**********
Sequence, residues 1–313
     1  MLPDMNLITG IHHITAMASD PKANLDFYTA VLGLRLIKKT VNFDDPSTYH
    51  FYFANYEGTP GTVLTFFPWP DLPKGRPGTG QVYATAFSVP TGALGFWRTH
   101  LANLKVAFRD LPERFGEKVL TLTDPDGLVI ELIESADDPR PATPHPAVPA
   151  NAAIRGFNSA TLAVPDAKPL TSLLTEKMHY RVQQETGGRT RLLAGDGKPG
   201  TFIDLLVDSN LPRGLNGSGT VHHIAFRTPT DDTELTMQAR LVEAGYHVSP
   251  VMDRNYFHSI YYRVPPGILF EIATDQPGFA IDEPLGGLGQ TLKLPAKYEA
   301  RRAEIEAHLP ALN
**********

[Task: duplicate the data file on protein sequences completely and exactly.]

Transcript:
Sequence, residues 1–313
     1  MLPDMNLITG IHHITAMASD PKANLDFYTA VLGLRLIKKT VNFDDPSTYH
    51  FYFANYEGTP GTVLTFFPWP DLPKGRPGTG QVYATAFSVP TGALGFWRTH
   101  LANLKVAFRD LPERFGEKVL TLTDPDGLVI ELIESADDPR PATPHPAVPA
   151  NAAIRGFNSA TLAVPDAKPL TSLLTEKMHY RVQQETGGRT RLLAGDGKPG
   201  TFIDLLVDSN LPRGLNGSGT VHHIAFRTPT DDTELTMQAR LVEAGYHVSP
   251  VMDRNYFHSI YYRVPPGILF EIATDQPGFA IDEPLGGLGQ TLKLPAKYEA
   301  RRAEIEAHLP ALN